|Hasegawa Akira||23||16||5||2||76.2%||First match 1929, last match 1951.|
|Hashimoto Shoji||17||12||5||0||70.6%||First match 1953, last match 1976.|
|Hashimoto Utaro||74||41||28||5||59.4%||First match 1928, last match 1970.|
|Honinbo Shusai||6||5||1||0||83.3%||First match 1928, last match 1933. All handicap, but one.|
|Iwamoto Kaoru||35||23||10||2||69.7%||First match 1931, last match 1954.|
|Kitani Minoru||82||47||31||4||60.3%||First match 1929, last match 1966.|
|Maeda Nobuaki||34||22||11||1||66.7%||First match 1929, last match 1956.|
|Onoda Chiyotaro||21||14||7||0||66.7%||First match 1929, last match 1943.|
|Rin Kaiho||7||4||3||0||57.1%||First match 1952, last match 1968.|
|Sakata Eio||43||25||17||1||59.5%||First match 1934, last match 1976.|
|Sekiyama Riichi||16||12||4||0||75.0%||First match 1930, last match 1942.|
|Shinohara Masami||24||17||3||4||80.1%||First match 1928, last match 1951.|
|Takagawa Kaku||45||27||18||2||62.8%||First match 1940, last match 1972.|
Go Seigen has authored, co-authored, and contributed to a large number of books. However, most still remained untranslated for the Western audiences. See also: Go Seigen Books.
Numerous books have been written about Go Seigen. The most famous English ones include a series of commentaries covering a part of his famous, sponsored challenge matches by John Fairbairn.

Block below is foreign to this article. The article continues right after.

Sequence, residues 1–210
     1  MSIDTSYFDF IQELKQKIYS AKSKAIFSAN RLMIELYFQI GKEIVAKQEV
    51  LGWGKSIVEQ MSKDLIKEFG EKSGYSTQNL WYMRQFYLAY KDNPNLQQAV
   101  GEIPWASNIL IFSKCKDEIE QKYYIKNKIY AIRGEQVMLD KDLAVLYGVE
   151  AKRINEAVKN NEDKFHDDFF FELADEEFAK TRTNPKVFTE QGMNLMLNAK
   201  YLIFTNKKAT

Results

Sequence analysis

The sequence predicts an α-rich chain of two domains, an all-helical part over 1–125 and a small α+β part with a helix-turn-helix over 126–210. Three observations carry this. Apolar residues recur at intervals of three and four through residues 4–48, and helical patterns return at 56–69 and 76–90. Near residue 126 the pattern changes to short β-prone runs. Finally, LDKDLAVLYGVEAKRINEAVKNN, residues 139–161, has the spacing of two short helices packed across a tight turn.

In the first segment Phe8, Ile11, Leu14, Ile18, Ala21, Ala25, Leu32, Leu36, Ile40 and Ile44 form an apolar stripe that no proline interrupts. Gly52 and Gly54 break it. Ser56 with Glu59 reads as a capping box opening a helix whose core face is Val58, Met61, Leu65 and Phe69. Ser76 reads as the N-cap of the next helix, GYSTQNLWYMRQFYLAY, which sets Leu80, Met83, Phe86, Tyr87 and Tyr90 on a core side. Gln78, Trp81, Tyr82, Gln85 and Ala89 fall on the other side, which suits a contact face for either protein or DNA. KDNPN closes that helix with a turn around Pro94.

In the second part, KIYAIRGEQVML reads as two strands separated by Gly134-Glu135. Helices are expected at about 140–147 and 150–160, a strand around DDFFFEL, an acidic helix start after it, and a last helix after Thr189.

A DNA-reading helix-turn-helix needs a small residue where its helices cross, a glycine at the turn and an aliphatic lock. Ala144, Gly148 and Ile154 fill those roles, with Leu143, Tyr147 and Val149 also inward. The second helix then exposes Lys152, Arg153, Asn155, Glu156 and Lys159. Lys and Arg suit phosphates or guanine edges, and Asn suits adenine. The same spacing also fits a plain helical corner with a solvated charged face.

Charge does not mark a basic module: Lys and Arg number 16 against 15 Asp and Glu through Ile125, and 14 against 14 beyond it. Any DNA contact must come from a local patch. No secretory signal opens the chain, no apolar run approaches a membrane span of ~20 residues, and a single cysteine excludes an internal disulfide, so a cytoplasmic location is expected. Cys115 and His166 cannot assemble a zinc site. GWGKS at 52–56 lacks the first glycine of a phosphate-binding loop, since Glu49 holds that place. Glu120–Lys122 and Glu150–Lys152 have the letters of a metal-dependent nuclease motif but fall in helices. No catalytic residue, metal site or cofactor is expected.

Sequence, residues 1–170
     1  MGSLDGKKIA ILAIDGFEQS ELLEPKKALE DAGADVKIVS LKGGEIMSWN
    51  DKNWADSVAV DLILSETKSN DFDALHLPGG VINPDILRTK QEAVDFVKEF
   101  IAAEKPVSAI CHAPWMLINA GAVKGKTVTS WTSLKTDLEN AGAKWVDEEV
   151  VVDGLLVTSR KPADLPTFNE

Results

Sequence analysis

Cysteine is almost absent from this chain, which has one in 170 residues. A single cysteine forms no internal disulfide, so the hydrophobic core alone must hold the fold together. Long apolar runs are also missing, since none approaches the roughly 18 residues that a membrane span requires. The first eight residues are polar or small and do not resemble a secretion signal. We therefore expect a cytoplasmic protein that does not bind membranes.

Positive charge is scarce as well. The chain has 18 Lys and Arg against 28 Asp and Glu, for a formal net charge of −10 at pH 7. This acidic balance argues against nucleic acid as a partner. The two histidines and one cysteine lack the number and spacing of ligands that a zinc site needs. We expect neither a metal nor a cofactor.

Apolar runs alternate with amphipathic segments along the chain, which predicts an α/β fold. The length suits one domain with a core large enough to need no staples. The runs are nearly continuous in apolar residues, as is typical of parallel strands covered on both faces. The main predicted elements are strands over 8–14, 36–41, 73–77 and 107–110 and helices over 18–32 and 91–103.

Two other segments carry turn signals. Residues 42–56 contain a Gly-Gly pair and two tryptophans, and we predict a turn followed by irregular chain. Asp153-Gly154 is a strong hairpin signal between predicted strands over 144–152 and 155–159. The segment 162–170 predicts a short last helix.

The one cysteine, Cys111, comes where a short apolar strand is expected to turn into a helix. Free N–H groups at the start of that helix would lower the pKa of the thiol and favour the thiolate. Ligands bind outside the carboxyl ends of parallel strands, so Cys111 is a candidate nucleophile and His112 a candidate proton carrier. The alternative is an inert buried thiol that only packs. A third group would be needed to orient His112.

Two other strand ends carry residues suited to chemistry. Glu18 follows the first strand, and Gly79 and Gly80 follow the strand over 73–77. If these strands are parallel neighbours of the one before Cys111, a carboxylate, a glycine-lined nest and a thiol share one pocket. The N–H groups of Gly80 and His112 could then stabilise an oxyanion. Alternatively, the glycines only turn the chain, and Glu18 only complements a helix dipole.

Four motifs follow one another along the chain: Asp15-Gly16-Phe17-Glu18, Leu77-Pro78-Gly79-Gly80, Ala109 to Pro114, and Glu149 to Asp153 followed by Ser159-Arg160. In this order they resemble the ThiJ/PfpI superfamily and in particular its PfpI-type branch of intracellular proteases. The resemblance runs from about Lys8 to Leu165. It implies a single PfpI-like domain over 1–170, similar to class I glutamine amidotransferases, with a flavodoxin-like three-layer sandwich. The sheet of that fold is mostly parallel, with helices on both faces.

- 9-dan Showdown - Matches against Fujisawa Hosai.
- Final Summit - Matches against Takagawa Kaku.
- Kamakura - Matches against Kitani Minoru.
 The Wu family was a well-established family from Shimen (石門) town, Tongxiang (桐鄉) county, Zhejiang (浙江) Province.
- A 2006 movie about his life: Kisei Go Seigen.
- A famous rule disputes involving Go Seigen.
- An open book of Go Seigen commentaries: http://www.5z.com/tucsongo/book/.
- Books by Go Seigen: Go Seigen Books.
- Go and Kitani's first game and the Sixteen Soldiers game.
- Go was one of the primary innovators of the New Fuseki movement.
- Go's profile in The Magic of Go column from Yomiuri Online: http://web.archive.org/web/20070228234810/http://shinbo.free.fr/TheMagicOfGo/index.php?tmog=17.
- Jim Z. Yu's Go Seigen game series (HTML version by Ken Warkentyne): http://web.archive.org/web/20030605035633/http://leaohp1.epfl.ch/~warkent/go/goseigen/.
- Pieter Mioch's 1999 interview of Go Seigen: Part 1, Part 2 and Part 3.
- The Go Seigen group.